5. Assist client to recognize specific events that precede onset of elevation in anxiety. Provide information about signs and symptoms of increasing anxiety and ways to intervene before behaviors become disabling.
Rationale: Recognition of precipitating stressors and a plan of action to follow should they recur provides client with feelings of security and control over similar situations in the future. This in itself may help to control anxiety response.

6. Offer support during times of elevated anxiety. Provide physical and psychological safety.
Presence of a trusted individual may provide needed security/client safety.

7. Administer medications as necessary, e.g., benzodiazepines: alprazolam (Xanax).
Rationale: Antianxiety medications induce a calming effect and work to maintain anxiety at a manageable level while providing the opportunity for client to develop other ways to manage stress.

Other NANDA diagnosis of Adjustment Disorder: VIOLENCE, risk for, directed at self/others; COPING, INDIVIDUAL, ineffective; ADJUSTMENT, impaired [when stressor is a change in health status]; GRIEVING, dysfunctional; HOPELESSNESS; SELF ESTEEM disturbance; SOCIAL INTERACTION, impaired; FAMILY PROCESSES, altered

Nursing Care Plan for Deviations in Growth Patterns

Deviations in intrauterine growth patterns not only increase the risk of morbidity and mortality in the early newborn period, but may also have long-term implications for altered growth and development and for altered CNS function and learning disabilities in childhood.

This general plan of care is designed to facilitate optimal nursing management of the infant with deviations in intrauterine growth and is to be used in conjunction with the CPs: The Neonate at Two Hours to Two Days of Age, and The Preterm Infant, as appropriate. Growth deviations are classified as SGA, intrauterine growth retardation/restriction (IUGR), and LGA.

SGA/IUGR: Any newborn whose birth weight falls at or below the 10th percentile on classification charts, considering local factors (e.g., ethnicity, altitude).

LGA/Macrosomic: Any newborn whose birth weight is at or above the 90th percentile on classification charts, considering local population at any week in gestation (with special attention to determining appropriate gestational age), or who at birth weighs more than 4000 g (8 lb 13 oz).

1. Maintain physiological homeostasis.
2. Prevent and/or treat complications.
3. Identify/minimize effects of birth trauma.
4. Provide family with appropriate information/strategies for meeting short- and long-term needs associated with
growth deviation.

Nursing diagnosis: Impaired gas exchange may be related to Alveolar capillary membrane changes (decreased surfactant levels, retained pulmonary fluid, meconium aspiration), altered oxygen supply (diaphragmatic paralysis/phrenic nerve paralysis, increased intracranial pressure) possibly evidenced by restlessness/irritability; inability to move secretions, tachypnea, cyanosis, hypoxia.

Desired Outcome
1. Display spontaneous, unassisted regular respiratory effort with rate of 30–50/min; and ABGs WNL.
2. Be free of apnea and complications of hypoxia/lung disease.

Nursing intervention with rationale:
1. Review history for abnormal prenatal growth patterns and/or reduced amounts of amniotic fluid, as detected by ultrasonography/fundal changes.
Rationale: Low-birth-weight infant or infant with IUGR suffers chronic intrauterine asphyxia, resulting in hypoxia/malnutrition. Fetal contribution to the amniotic pool is reduced in the stressed infant. Macrosomia can be related to maternal diabetes, prolonged pregnancy, heredity, and inappropriate nutrition. Macrosomia in IDM results from excess release of growth hormone (thyroid stimulation), increasing the number of cells and/or organ size throughout the body.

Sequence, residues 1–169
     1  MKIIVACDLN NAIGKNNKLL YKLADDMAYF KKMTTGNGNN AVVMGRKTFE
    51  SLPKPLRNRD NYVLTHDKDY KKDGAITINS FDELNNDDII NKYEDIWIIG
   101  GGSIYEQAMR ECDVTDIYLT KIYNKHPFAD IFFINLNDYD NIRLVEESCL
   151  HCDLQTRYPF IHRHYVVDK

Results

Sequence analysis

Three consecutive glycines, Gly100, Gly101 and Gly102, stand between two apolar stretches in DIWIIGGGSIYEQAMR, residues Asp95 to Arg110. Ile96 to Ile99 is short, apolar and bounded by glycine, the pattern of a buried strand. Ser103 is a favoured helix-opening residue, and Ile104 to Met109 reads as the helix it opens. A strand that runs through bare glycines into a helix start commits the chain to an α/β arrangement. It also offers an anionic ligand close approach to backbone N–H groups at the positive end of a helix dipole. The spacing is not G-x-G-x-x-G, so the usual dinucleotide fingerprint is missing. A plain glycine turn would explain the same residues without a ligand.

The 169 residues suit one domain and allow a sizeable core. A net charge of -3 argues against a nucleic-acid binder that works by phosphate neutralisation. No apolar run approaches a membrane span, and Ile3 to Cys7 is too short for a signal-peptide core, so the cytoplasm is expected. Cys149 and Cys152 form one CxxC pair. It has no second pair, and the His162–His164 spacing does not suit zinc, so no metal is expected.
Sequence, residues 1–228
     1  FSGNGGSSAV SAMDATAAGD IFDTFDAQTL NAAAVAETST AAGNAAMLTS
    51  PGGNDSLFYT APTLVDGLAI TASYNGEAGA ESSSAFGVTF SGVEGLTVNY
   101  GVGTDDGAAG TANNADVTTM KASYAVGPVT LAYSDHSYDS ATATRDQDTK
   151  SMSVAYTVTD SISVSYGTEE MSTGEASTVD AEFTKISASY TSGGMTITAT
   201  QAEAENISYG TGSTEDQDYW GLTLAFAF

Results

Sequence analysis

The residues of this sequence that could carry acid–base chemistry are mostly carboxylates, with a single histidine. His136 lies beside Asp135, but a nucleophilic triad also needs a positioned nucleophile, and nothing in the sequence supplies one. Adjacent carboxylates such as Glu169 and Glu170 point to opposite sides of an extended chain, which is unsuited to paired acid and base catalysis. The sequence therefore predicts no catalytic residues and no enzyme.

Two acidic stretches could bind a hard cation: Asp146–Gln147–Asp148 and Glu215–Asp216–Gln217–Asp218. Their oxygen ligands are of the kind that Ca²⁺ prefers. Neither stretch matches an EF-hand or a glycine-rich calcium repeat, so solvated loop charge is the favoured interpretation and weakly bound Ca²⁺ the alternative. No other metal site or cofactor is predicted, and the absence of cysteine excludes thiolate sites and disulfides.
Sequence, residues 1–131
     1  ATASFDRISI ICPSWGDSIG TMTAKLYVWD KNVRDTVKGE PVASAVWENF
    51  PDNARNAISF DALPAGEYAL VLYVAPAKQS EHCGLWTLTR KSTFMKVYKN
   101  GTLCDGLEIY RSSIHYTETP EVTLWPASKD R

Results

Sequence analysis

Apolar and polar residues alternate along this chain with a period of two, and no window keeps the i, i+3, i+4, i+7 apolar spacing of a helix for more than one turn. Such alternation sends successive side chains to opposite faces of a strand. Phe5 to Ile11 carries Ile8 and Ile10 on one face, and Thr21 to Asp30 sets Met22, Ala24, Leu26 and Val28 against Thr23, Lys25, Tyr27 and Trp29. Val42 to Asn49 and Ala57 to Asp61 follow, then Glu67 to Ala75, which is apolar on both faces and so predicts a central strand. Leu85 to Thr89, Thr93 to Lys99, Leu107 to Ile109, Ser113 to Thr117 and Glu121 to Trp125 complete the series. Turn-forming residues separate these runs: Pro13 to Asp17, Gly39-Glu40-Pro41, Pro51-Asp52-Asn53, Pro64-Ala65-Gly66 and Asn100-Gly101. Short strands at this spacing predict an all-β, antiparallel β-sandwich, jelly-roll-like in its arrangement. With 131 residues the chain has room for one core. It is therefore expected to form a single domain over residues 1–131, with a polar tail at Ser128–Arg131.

2. Note type of delivery and intrapartal events indicative of hypoxia.
Rationale: Infant with chronic hypoxia will be more susceptible to acidosis/respiratory depression/persistent fetal circulation (PFC) after delivery. Cesarean birth increases risk of excess mucus because thoracic compression by the birth canal does not occur as in a vaginal delivery.

3. Note time/onset of breathing and Apgar scores. Observe ensuing respiratory patterns.
Rationale: The infant with intrapartal asphyxia may present with a delayed onset of respirations and altered respiratory pattern. Apgar scores aid in evaluation of the degree of depression or asphyxia of the newborn at birth and are directly correlated with serum pH/degree of infant acidosis.

4. Assess respiratory rate, depth, effort. Observe and report signs and symptoms of respiratory distress, distinguishing from symptoms associated with polycythemia.
Rationale: Infant with altered growth is more susceptible to respiratory distress associated with chronic asphyxia in SGA infant, inadequate surfactant levels in IDM,

5. Auscultate breath sounds regularly.
Rationale: Presence of crackles/rhonchi reflect respiratory congestion and need for intervention.

6. Suction nasopharynx/endotracheal tube as needed, after first providing supplemental oxygen.
Rationale: Ensures patency of airway, removes excess mucus. Supplemental oxygen reduces hypoxic effect of procedure.

7. Auscultate apical pulse; note presence of cyanosis.
Rationale: Tachypnea, bradycardia, and cyanosis may occur in response to altered oxygen levels.

8. Prevent iatrogenic complications associated with cold stress, metabolic imbalance, and caloric insufficiency.
Rationale: Such complications increase metabolic demands and oxygen needs.

9. Ensure availability of resources in the event complications occur.
Equipment for oxygenation, suction, intubation, assisted ventilation, resuscitation, and chest tube placement must be readily available in the event of severe/prolonged respiratory distress.

10. Monitor transcutaneous oxygen/pulse oximeter readings.
Rationale: Identifies therapy needs/effectiveness.

Nursing Care Plan for Hysterectomy/TAHBSO